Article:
Once your page is operational and equipped with an attractive cover photo and profile photo, you can begin engaging other Facebook users. You can invite your friends and family—your connections on your personal account—to like your page, although this is not necessarily the main goal unless they are patients of yours. Contrary to what people think about Facebook, it is not all about trying to reach 10,000 likes (although that does not hurt). Your goal is to attract people who are genuinely interested in your place of business and educate them about your services and products. I have seen some Facebook pages that have nearly 10,000 likes but only a few people benefitting from the page.

One drawback to creating a Facebook page is that it is like a cancer, in that it always requires a blood supply; in other words, it will require you to take the time to post informative content at least once a week if not more. After a few months, you can analyze which posts and photos garner the most attention. Another goal of your Facebook page is to build and enhance relationships with your patients. You have the freedom to disclose as much or as little as you wish to your patients or audience (a Facebook term, equal to your number of likes).

One final goal of maintaining a Facebook page is that it should not be a sprint, but rather a marathon. I have observed many businesses that fixate solely on rapidly growing their likes, rather than focusing on the people who are most interested in their content. Remember, content is king. If you are providing valuable content, people will appreciate it. This does not mean that everyone will actually like your post—or even your page. Facebook is simply one of many avenues to reach your target demographic.

If you want to increase your number of likes, you can also run advertisements from Facebook to target certain age demographics, or even one gender or special interest group. I have seen companies that have been in business for many years who can grow their likes at a much faster rate. I suspect this is because their community already recognizes the name, and they have earned some brand recognition. Conversely, newer businesses that lack brand recognition require a lot more money and time to grow their numbers of likes. Facebook advertisements come at a price, just like any other form of advertising. The cost of running an ad can vary greatly, depending on whether it is on a billboard, in a local newspaper, or in a high-quality magazine. Yes, advertising costs money. If you really want to grow your likes significantly, then you will need to advertise using Facebook’s tools.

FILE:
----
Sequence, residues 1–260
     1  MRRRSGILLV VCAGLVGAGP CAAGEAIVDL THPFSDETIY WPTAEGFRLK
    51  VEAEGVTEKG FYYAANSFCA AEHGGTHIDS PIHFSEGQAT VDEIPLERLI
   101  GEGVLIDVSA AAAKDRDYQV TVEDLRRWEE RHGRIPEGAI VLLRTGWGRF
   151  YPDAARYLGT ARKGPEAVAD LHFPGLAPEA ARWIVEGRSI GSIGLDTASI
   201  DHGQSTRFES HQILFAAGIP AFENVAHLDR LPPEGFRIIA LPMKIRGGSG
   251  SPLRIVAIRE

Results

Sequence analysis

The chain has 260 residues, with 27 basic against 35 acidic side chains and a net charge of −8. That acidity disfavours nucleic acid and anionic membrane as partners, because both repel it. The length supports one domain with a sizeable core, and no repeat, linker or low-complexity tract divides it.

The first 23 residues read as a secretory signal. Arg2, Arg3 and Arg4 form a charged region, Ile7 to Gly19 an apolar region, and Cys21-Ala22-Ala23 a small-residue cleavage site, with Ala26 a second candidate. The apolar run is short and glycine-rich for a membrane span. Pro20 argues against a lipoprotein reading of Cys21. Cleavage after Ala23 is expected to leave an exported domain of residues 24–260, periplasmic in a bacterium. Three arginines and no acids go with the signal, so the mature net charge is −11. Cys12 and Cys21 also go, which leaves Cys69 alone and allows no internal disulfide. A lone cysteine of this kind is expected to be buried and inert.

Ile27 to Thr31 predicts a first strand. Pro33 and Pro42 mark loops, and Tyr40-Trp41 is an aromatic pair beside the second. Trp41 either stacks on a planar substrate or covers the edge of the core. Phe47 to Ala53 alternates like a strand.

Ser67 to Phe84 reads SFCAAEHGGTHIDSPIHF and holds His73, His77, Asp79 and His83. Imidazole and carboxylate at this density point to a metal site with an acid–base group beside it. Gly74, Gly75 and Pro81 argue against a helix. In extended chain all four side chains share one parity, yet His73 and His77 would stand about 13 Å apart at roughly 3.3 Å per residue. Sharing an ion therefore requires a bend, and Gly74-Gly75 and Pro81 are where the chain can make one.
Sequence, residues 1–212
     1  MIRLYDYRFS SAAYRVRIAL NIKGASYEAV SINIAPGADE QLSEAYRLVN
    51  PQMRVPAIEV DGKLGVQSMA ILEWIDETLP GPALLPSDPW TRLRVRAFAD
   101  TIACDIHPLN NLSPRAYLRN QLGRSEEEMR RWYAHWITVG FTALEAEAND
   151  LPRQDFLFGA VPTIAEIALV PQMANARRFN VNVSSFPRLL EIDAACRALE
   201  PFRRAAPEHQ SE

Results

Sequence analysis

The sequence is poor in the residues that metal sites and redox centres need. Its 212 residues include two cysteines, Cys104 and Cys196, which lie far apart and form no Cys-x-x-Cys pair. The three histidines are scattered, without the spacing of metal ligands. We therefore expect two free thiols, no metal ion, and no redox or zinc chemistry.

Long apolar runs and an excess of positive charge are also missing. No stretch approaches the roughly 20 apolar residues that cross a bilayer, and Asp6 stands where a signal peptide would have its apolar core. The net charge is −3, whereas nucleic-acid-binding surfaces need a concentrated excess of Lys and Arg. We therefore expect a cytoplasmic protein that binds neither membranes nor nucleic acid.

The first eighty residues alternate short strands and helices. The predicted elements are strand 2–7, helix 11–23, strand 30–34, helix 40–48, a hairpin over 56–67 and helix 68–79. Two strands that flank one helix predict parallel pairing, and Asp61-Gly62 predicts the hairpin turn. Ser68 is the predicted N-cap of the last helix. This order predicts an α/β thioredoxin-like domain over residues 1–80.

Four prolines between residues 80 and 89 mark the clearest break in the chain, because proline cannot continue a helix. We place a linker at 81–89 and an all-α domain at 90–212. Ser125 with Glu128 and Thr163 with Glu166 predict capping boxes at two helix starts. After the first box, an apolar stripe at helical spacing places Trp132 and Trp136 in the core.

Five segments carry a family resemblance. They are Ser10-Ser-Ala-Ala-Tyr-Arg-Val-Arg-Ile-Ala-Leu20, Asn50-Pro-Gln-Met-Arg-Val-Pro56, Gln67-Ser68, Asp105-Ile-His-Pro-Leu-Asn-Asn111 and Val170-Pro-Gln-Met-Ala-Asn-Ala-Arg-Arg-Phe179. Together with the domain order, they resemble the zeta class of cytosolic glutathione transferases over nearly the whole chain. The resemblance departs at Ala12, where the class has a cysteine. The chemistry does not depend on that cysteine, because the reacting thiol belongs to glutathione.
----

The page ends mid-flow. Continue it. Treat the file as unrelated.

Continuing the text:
You should strive to grow your likes to at least 500 initially and then continue paying to reach your target goals. Once your likes are close to 500, Facebook will add a “Promote” button that can be used to endorse your posts. It has been reported that less than 20% of your audience actually sees your posts. Let’s say you have 100 likes, and you post that you are offering a discount on LASIK; typically only about 20% of your likes or less will see this post. I suggest paying to promote specific posts (ie, promoting a product or service). Promoting the post will bring the post to the top of other users’ News Feed more often than just the one time it would normally have appeared without the promotion. Promoting your content is relatively inexpensive, costing anywhere from $5 to $20 or more. This works to increase the visibility of your posts. The more likes your page has, thee more eyeballs that are potentially viewing your content.

If you download the Pages+ app from Apple’s App Store (available at www.apple.com), you can track the number of people who viewed your posts. Unfortunately, negative comments on Facebook are inevitable. My advice is to wait at least 24 hours before responding to a negative comment, to make sure your nerves are calm. Then, be professional and courteous in your reply. If it is from a genuinely disgruntled patient, take the opportunity to prove to all your patients that you are dedicated to improving your practice. Admit your mistake, and then offer your solution and assure the commenter that his or her problem has been addressed.


How do you judge whether your Facebook page is working for you? Remember, your page requires weekly upkeep. My recommendation is to post at least twice a week. Assign someone in your clinic to check the page daily, and professionally respond to all posts on your page within 24 hours.

Patients will often post a question or a comment. A quick and friendly response goes a long way to help build your brand name. Overall, Facebook should be a fun and engaging venue to connect with patients and promote your practice.

Dr. Melendez is a comprehensive ophthalmologist and partner at Eye Associates of New Mexico and an Assistant Clinical Professor in the Department of Surgery/Division of Ophthalmology at the University of New Mexico in Albuquerque. Dr. Melendez states that he has no financial interest in the products or companies mentioned. He may be reached at e-mail: rfmelendez@gmail.com. Or find him on Facebook at EyeAssociatesNM and DrRobertMelendez.